In this special debate day edition: The stakes for every candidate onstage, the ongoing health-care wars, and new polls that show Sanders in command.

I hope you're excited for another round of Medicare-for-all questions, and this is The Trailer.

LAS VEGAS — Tonight's Democratic debate, the ninth one put on with the Democratic National Committee, grew out of a process designed to avoid charges of unfairness while allowing the party to keep some form of control. 

The DNC is not getting much credit for that process now. Mike Bloomberg has pulled himself onto the debate stage, for the first time, because he hit 10 percent or above in multiple national polls after what is already the most expensive primary ad campaign in political history. Many Democrats bristled when Tom Steyer spent his way onstage by using social media ads to attract small-dollar donors. They were even more comfortable accusing Bloomberg of buying an election.

“What else do you call it when you dip into your endless reserves of millions and billions and don't go through the process of campaigning in states like Nevada or Iowa or New Hampshire, humbling yourself, going into the diners and the backyards, looking eye to eye to voters?” former South Bend, Ind., mayor Pete Buttigieg asked at a Tuesday night CNN town hall here. “To try to just go around that by throwing colossal sums of money on television shows you what's wrong with our system.”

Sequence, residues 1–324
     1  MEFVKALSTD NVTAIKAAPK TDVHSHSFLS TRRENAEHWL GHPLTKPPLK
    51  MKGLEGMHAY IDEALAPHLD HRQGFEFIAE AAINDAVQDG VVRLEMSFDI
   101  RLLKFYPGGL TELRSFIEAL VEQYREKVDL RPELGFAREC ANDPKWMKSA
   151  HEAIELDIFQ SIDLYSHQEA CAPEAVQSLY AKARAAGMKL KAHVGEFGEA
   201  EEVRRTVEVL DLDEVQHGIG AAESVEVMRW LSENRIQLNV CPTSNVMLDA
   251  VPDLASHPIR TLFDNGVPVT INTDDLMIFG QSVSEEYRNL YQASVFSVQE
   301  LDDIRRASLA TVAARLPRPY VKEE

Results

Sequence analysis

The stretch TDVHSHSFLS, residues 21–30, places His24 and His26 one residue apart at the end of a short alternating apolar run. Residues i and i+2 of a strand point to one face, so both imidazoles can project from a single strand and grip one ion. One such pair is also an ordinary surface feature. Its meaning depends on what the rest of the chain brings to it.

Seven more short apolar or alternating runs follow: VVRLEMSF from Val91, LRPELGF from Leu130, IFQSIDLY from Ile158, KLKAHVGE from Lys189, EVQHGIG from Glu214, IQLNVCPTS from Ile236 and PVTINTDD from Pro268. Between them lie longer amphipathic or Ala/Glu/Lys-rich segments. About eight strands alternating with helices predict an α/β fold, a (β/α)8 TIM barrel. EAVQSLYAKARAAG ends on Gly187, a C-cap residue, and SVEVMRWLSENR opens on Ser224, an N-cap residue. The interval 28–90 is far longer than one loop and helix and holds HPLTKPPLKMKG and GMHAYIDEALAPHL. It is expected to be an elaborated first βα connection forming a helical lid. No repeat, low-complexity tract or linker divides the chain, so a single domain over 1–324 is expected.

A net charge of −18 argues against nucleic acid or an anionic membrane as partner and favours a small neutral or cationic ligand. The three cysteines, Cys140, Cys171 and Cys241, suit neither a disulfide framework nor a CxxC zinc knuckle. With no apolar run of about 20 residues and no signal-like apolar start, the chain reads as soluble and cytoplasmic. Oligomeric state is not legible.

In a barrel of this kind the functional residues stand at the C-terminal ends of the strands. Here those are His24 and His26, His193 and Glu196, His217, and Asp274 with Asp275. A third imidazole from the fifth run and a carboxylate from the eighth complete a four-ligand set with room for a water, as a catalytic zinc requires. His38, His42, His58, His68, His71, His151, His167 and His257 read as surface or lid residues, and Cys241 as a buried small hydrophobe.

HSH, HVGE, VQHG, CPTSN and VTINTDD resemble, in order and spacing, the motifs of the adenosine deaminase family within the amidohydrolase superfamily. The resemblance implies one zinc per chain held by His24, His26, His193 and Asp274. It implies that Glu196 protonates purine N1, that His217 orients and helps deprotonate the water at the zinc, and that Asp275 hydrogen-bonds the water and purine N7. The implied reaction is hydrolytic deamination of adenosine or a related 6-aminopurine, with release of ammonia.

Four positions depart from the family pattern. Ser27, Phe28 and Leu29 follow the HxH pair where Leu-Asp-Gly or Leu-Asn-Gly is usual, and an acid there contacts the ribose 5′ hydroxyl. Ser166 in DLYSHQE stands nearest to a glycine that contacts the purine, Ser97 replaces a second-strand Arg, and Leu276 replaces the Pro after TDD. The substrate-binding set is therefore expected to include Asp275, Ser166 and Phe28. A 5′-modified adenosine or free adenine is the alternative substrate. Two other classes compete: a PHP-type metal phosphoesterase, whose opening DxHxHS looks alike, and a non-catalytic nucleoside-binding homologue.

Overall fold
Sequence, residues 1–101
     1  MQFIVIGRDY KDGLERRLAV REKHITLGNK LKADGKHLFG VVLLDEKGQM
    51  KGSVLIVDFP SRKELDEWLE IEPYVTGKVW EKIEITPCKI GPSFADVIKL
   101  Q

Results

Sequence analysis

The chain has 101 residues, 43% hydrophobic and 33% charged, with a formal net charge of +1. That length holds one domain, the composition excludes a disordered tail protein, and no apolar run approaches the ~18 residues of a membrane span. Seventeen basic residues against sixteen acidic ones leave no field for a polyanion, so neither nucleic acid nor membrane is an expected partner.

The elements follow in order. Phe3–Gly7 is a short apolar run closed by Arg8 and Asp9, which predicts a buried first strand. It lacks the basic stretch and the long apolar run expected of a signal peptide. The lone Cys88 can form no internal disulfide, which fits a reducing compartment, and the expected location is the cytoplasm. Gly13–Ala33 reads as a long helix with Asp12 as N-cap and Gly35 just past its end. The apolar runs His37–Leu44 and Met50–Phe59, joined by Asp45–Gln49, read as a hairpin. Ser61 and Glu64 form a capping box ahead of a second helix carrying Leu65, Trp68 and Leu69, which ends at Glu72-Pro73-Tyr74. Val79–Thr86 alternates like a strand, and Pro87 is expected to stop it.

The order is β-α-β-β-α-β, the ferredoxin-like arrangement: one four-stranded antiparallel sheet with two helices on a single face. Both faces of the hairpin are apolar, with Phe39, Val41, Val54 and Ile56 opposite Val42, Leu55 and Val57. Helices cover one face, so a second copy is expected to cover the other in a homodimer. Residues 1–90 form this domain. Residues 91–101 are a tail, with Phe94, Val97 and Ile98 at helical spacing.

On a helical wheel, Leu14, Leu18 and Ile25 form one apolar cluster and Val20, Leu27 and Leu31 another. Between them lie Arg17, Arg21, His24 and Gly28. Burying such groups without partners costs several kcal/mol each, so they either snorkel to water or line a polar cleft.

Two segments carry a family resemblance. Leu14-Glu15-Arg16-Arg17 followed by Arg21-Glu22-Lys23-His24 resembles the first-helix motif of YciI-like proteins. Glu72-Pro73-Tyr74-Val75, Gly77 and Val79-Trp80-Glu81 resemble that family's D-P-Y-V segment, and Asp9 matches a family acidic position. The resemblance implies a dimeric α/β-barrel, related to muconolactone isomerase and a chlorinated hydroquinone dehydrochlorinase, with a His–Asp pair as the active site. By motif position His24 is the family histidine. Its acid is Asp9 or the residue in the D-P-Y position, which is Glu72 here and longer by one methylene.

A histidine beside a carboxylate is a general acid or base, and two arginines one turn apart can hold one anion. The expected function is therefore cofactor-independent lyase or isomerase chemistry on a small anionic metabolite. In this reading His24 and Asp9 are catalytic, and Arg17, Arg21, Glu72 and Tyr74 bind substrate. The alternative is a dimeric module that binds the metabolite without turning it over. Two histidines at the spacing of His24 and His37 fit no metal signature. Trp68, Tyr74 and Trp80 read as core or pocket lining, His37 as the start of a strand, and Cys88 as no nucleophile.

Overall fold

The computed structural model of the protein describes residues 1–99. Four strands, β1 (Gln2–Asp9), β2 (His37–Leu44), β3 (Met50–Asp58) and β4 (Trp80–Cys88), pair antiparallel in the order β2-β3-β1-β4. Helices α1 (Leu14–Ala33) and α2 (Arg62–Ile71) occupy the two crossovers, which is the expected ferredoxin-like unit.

Bloomberg's presence will alter the debate at a time when Democrats are growing even more nervous about the risks of infighting. One day after the president pardoned or commuted the sentences of wealthy supporters and even a Democrat convicted of corruption, Democrats will get less time than they'd like to focus on President Trump; there's a whole new candidate to vet onstage. Just as Bloomberg has been depriving moderate candidates of attention, he'll shrink the time that Sen. Amy Klobuchar (Minn.), former vice president Joe Biden and Buttigieg get to make their electability arguments; he'll shrink the time Sen. Elizabeth Warren (Mass.) gets to push her way back into the race. 

Bloomberg on the hot seat. The 12th wealthiest person in the world has taken plenty of questions since his presidential campaign began, about his tax returns (he'll release them at some point), his business (he'll sell it if he wins), and his stop-and-frisk policies in New York (he's sorry about that). But he has not taken them from rival candidates in real time, and they can’t wait to go after him.

“He’s been a Republican his whole life,” Biden said during a stop at a Culinary Union picket line on Wednesday morning. “He didn’t endorse Barack and me when we ran.”